The Tale of My Tail

 

Rear view capybara

Let’s talk tails. The first thing to ask yourself is, do capybaras even have a tail to talk about? The answer is a resounding YES! And a somewhat less resounding no.

Let’s go over the yes part first since that is the good part.

A short tail

Above is a photo showing my cute little nub of a tail. I have drawn an arrow and circled it for you. It’s not very big or very obvious, but it is there.

And I am not the only capybara to have a tail.

Lesser tail on a lesser capybara

Apparently both capybara species have similarly sporty tails as seen on the photo of an adult female that Melly took in Panama. You might want to click on the photo to enlarge it because the tail is quite difficult to see.

So clearly we have tails…or do we?

Inside me

Isn’t that amazing? The vets at Texas A&M University College of Veterinary Medicine know how to take pictures of the INSIDE of a capybara! Who would have thought? My insides look very nice, don’t they? I wonder if those circle things are partially digested plastic bags. Melly is always worrying about me and plastic bags but they are sooo very delicious.

Back on topic. Do you see how my backbone extends all the long way down to my rump? And then it stops. And then there is a little light part just past the end of my backbone. That little thing is my tail. But in some ways that makes it not a real tail because the tails of animals like dogs and cats and lizards and horses have the backbone extending into the tail itself. That’s what makes it so they can move it. I can’t move my tail at all because it is not attached to anything.

Melly sometimes tells a kind-of gross story about Caplin Rous. One day she and Caplin were entertaining some kids at a school down in San Antonio when Melly noticed a little spot of blood on the ground. She didn’t say anything about it because she didn’t want to scare the kids. When she got a chance, she looked over Caplin and found he was bleeding just a little bit around the rear end. Looking around on the ground, she found his tail! It came right off! Melly says Caplin never even noticed. Dobby Winnick, of Dobby’s Day fame, claims he does not have a tail. I wonder if the same thing happened to him, he is Caplin’s brother so it makes sense.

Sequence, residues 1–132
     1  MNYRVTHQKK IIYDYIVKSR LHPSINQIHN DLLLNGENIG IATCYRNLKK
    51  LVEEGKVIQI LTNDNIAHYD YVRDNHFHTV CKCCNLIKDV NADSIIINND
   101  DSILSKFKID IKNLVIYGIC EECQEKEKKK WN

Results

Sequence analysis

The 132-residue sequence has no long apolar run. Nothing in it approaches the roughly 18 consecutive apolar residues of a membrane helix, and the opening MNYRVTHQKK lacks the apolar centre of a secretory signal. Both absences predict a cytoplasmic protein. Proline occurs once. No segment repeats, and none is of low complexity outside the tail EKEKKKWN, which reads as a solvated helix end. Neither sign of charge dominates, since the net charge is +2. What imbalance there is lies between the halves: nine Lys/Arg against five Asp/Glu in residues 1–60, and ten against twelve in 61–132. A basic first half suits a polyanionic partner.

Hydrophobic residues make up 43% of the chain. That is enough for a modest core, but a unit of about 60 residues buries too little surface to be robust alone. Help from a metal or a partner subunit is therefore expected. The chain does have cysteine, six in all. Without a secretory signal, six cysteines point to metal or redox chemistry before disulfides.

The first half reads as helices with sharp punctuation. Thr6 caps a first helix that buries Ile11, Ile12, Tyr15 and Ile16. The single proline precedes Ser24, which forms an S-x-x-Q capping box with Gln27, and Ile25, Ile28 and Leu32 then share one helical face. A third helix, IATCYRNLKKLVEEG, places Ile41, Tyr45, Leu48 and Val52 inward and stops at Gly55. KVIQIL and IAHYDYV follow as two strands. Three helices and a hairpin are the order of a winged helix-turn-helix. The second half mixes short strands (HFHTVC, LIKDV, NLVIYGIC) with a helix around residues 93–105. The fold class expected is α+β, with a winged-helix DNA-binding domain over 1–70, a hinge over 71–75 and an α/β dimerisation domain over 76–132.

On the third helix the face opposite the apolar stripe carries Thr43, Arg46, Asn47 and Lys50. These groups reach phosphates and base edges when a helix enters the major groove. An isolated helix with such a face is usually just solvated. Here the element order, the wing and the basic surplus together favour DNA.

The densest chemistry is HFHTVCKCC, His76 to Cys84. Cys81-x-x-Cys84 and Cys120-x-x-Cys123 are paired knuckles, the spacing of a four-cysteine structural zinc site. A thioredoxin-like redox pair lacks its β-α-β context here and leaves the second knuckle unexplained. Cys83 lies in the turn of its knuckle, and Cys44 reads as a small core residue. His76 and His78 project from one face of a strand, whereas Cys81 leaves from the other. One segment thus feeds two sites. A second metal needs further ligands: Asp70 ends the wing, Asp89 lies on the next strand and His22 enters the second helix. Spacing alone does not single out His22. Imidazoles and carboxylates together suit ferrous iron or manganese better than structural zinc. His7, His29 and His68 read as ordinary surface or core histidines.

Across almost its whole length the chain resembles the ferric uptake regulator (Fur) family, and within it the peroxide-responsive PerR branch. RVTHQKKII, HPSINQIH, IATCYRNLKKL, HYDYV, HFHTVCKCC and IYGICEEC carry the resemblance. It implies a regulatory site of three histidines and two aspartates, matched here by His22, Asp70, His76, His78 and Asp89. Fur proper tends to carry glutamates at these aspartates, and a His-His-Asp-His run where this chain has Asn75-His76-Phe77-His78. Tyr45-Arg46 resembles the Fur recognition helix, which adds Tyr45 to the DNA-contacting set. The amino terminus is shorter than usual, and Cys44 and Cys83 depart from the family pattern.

I hope I never lose my tail.

12 comments to The Tale of My Tail

  • Well darn..I was going to take a picture of Mickki’s tail but it was raining..If it is not too wet I might just do one anyways as I think she has a small one. Will let you know later.

  • Nos that’s a cute tail!

  • Danielle

    Interesting! And neat x-ray.

  • Mischievous Capybara

    That was very interesting. Thank you.

  • Tea Cavy

    I love your xray. The thought of a tail, even a tiny one falling off is scary.

  • lynn

    Just like a belly button!

  • Liz

    Temporary tails? :) Very interesting and cute!

  • Jennah the Slowth

    Fascinating tale of tails attached and tails gone by the wayside. :) Is the capy the only animal to have a tail that isn’t attached to the spinal cord?

  • Garibaldi Rous

    I don’t know if capys are the only ones. I think guinea pigs might have similar tails.

  • Kristin Pawlewicz

    Interesting! I have had pet guinea pigs almost my entire life, and have noticed something similar to Gari’s tail on a few of them. It’s so small most people would miss it, but you can definitely feel a little protuberance from whence you’d figure a tail would grow! And if you part the hair and examine closely, you can see the tiny little nub. It doesn’t move at all, like Gari’s. At the time, I thought it was some kind of genetic anomaly, but now I wonder if perhaps they all have this, and it’s only pronounced enough on a small population of them to actually notice.

  • Tawdz

    In Jacksonville FL, there are rumors that capybara’s had experiments done on them, and that they were then released into the wild. Next to my apartment, is a pond. There is something in it, that looks identical to a capybara however it has a long tail. I have recorded video and posted to youtube so check it out! The wikipedia page also references them being in this area and the link suggests they were used for research. I’m wondering if they cross-bred it with something that has a long tail. Again, see for yourself. Be sure to watch 30 seconds into it because the first 30 seconds, he’s in the water and you can’t see his tail. http://youtu.be/wlKwUgNugs8

  • @Tawdz

    The animal in your youtube video is a Nutria. You can tell because of the long, light-colored whiskers, and the long tail.

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